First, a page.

Pic: CUP activist, Anna Gabriel, speaking in Catalan parliament.
Q. On October 1st, the day of the Independence Referendum in Catalonia, we witnessed terrible scenes as the Spanish police attacked unarmed citizens who had come out peacefully to vote. The Spanish state justified this by saying that the referendum was illegal, that Catalans wanted all the wealth of Catalonia for themselves, that this was a middle class rebellion. Is there any truth in this?
In 2015 the Catalan elections resulted in a pro-independence majority in the Parliament who then passed laws legitimising the Referendum. 72 MPs from the total 135 voted in favour of this procedure. They have acted democratically within the scope of the Catalan Institutions. The Spanish State has consistently rejected the many attempts made by the Catalan parliament to negotiate more autonomy.
This is not just a debate about legalities but about legitimacy. The Moncloa Pact made in 1978, just after the death of Franco, was made between elites to allow them remain in power and to silence crimes committed during the dictatorship. The result was a Constitution that protected the idea of the indivisibility of the Spanish State but didn’t resolve the question of how to deal with different identities within the territory of the Spanish State.
The political system that emerged created differences between communities, divided people with fake boundaries and centralised power.
Nothing will change in the Spanish State if the Constitutional Court (made up of Franco era judges) doesn’t want it to as it is in fascist, reactionary hands. This applies not only to independence movements but to social and progressive movements too. All the laws approved in the Catalan Parliament to create better conditions for the working class on energy poverty, gender equality, LGTBI+ rights, taxes on banks, were considered anti-constitutional and therefore illegal by the Spanish State.
So this is not just a Catalan affair but something that affects all working class and progressive people under the Spanish State.
Q.Why would socialists support Catalan independence?
Independence is a way (maybe the only way) to change this political system and to build a democratic and equal Republic.
It has the potential to create the opportunity to challenge the Spanish State not just in Catalonia but also in the Basque Country and Galicia, in Madrid itself with the huge social movements there, in order to end the fake democratic system that hides the authoritarianism of the State.
We have never believed in the European Union. We consider it a reactionary project that doesn’t allow social progress. A project made by capitalsim to protect the economic interest of the elite.
This process in Catalonia is also a challenge for the EU. The response of the European Institutions has shown people the real face of the EU and its real objectives, aims and interests. If we win, it opens the potential to challenge the idea of strong States as the main actors in the region. We are proposing not just a Catalan Republic but to build the Europe of the People. We are not an isolated case. People in Europe can rise up against the capitalist oppression of the international financial and political institutions.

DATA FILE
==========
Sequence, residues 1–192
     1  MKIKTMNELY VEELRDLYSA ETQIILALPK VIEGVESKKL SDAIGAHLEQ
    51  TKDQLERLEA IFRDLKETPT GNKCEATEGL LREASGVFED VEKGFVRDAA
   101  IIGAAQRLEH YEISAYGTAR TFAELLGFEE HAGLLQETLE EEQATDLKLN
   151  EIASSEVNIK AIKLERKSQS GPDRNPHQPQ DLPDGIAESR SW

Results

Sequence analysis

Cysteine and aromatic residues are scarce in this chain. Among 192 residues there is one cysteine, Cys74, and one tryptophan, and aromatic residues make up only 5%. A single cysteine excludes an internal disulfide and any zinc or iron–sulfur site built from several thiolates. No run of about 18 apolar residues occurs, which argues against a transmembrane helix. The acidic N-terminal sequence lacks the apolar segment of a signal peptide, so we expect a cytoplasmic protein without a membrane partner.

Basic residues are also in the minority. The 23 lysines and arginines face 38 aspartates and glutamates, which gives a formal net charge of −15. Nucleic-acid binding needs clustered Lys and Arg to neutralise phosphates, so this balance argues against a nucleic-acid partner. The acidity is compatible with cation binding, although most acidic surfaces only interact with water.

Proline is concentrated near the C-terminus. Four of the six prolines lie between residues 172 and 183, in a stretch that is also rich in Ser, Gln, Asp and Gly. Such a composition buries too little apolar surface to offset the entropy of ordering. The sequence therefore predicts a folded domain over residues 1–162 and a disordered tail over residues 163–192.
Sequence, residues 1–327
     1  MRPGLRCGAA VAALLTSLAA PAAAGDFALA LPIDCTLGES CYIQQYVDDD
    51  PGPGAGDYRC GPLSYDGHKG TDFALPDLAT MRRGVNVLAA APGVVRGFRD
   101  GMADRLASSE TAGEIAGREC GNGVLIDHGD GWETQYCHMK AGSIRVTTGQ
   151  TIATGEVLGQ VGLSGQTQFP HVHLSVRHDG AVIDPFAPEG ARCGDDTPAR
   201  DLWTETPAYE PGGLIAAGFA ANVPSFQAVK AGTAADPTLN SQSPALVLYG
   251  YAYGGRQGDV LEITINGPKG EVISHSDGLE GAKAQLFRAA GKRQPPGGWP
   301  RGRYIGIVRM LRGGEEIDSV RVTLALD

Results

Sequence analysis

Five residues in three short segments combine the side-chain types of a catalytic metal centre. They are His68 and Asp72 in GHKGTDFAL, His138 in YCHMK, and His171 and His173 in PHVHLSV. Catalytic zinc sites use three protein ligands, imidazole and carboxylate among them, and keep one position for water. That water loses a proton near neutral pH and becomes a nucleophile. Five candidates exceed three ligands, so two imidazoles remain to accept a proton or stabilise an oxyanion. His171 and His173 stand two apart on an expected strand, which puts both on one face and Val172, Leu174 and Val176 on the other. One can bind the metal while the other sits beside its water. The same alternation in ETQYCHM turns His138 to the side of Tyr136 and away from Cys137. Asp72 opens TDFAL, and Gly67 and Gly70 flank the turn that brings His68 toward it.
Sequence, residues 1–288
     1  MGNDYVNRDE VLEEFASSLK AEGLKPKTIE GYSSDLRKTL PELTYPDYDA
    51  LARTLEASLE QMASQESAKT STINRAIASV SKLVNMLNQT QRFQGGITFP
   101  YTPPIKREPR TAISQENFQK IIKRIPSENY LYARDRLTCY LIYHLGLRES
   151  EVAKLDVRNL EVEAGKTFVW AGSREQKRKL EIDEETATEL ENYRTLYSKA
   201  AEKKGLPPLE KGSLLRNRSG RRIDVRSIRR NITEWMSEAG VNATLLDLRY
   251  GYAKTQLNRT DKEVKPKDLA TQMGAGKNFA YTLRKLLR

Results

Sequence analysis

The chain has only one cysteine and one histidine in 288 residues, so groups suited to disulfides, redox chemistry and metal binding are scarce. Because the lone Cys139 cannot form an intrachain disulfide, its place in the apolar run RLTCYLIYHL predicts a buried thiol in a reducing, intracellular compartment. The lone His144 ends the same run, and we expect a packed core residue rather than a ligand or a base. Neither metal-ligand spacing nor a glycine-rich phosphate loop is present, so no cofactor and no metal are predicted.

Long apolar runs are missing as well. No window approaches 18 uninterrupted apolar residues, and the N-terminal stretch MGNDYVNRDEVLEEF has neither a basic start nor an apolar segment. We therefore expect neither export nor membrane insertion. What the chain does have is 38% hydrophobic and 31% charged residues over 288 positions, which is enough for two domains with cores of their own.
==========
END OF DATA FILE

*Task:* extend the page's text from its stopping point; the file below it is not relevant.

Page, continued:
Since the referendum we have seen huge mobilisations of people including two general strikes, civil society leaders and parliamentarians have been imprisoned, the parliament has been dissolved by the Spanish state and the President Puigdemont fled to Europe. Elections have been called for December 21st. What is the mood like in communities now?
Endorsing elections is a mistake. We are not in a normal situation: half of the legitimate government is in jail, the other half exiled in Brussels. The two main leaders of the civil society movements ( ANC and Omnium) are also in jail. So in that context, we should not accept any kind of elections that are normalising the situation. We should boycott them. But the right wing, centre and unionist Catalan parties accepted the proposed elections and we had no alternative if we want to continue defending the Catalan Republic.
We are afraid that these elections could demobilise people who might wait to see what the new Parliament will be like. But we should trust in the self-organisation of people as they have demonstrated a strong will to defend the Republic. People are all we have and are the backbone of this political project.
Q.What do you think are the possible outcomes of the election and the likely reaction of Spain and the EU to those outcomes?
We don’t think the make up of the current Parliament will change much. We already have an independence majority. The risk is that some political forces could use the liberation of the political prisoners as leverage to negotiate a better budget for the region rather than independence. CUP will be defending the Catalan Republic. We don’t want to go back – the era of autonomy is over. Now we need to push forward for independence.
The response of the Spanish State in the case that the independence forces continue to defend the Republic is clear: they will proceed with the implementation of Article 155 (criminalising the independence movement) and repression. The response of EU? To back the Spanish State. We really don’t expect either of these actors to change their position.